How to Get Around Boston

By Nathalie Alonso

Boston Harbor to Boston Common and beyond: The best transportation to navigate city streets

How to Get Around Boston

The Massachusetts Bay Transportation Authority, or MBTA, Boston's robust mass transit system includes trains, buses and ferries, which make a driving a car seem like a hindrance when it comes to exploring the city. The capital of Massachusetts is also one of the most pedestrian-friendly cities in the U.S. Many of its attractions are best enjoyed on foot, so pack comfortable shoes.

Subways and buses and trolleys, oh my!

Boston's subway system is made up of four lines – Red, Green, Blue and Orange. It includes a few trolleys and is a convenient way to travel between major attractions. To stay oriented, remember that inbound trains head toward the city center, while outbound trains lead away from it. When riding the Green Line, keep in mind that it splits into four routes. To get to the Museum of Fine Arts, for example, you would take Green Line E, whereas Fenway Park lies along Green Line D. Notice a Silver Line on the subway map? That's one of the city's many bus routes and it stands out because it operates as a subway with designated lanes. Don't plan on taking mass transportation after a late night out on the town because Boston's subways and buses run roughly between 5:30 a.m. and 12:30 a.m.

CharlieCards vs. CharlieTickets

It is possible to pay cash on MBTA subways and buses, but it's more convenient and cheaper to pay with a prepaid pass. You have two to choose from: CharlieCards and CharlieTickets. The former can be purchased from customer service personnel at subway stations, at the CharlieCard Downtown Crossing Station and at some retails stores around the city. By using a CharlieCard, you avoid the surcharge that applies when using the CharlieTicket, a heavy piece of paper with a magnetic strip that can be purchased from kiosks at any subway station. The ticket machines allow you to add value to both CharlieCards and CharlieTickets. Children 11 years old and younger ride free when traveling with an adult, but only two children per adult count toward this policy.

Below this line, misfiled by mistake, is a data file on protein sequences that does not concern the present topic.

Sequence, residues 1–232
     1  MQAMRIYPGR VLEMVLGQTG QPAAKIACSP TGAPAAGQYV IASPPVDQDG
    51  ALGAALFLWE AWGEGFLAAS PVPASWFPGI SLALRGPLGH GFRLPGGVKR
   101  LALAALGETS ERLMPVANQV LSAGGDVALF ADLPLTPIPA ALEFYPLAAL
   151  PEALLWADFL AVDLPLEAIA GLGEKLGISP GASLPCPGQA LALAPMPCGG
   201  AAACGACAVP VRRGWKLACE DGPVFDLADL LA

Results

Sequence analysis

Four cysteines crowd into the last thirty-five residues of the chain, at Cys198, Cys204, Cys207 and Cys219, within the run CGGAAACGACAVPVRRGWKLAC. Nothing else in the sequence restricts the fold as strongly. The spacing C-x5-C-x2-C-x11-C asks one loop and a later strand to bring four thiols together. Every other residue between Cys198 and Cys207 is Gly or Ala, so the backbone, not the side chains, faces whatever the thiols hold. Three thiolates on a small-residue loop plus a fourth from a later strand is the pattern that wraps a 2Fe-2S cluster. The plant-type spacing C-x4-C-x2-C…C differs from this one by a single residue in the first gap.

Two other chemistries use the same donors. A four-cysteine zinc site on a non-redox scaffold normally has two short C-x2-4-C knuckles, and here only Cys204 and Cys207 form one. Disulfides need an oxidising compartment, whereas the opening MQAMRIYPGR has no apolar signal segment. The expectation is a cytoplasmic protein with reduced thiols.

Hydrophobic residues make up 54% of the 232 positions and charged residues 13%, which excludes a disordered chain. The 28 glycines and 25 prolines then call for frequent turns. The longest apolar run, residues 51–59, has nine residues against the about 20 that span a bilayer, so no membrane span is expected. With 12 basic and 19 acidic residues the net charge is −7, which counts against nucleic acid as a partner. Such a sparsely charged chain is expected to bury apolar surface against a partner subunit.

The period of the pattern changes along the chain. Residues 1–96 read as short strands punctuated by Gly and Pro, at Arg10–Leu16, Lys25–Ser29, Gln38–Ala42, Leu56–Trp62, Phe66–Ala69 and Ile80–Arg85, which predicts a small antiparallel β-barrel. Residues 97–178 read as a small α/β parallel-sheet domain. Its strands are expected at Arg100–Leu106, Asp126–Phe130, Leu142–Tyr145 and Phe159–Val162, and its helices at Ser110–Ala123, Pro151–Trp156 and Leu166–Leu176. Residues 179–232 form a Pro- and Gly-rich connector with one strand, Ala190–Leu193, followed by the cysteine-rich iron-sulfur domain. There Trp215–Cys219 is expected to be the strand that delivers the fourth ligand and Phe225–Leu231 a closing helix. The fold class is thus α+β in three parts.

Boston by sea

Depending on where you're going in Boston, you may be able to get there by boat. The MBTA Inner Harbor ferry runs between Long Wharf – near the New England Aquarium – and the historic Charlestown Navy Yard. When you're ready to head home, the Cross Harbor Ferry connects Long Wharf and Logan International Airport. Private water taxi companies also provide service between attractions along Boston Harbor.

Exploring on foot

The cozy, labyrinthine streets that contribute to Boston's charm are as much a boon to pedestrians as they are a nuisance for drivers. Walking is the ideal way to see the city's architecture and green spaces. In fact, the city's popular Freedom Trail, a route that connects historic sites from the American Revolution, is meant to be explored on foot.

About the Author

Since beginning her career as a professional journalist in 2007, Nathalie Alonso has covered a myriad of topics, including arts, culture and travel, for newspapers and magazines in New York City. She holds a B.A. in American Studies from Columbia University and lives in Queens with her two cats.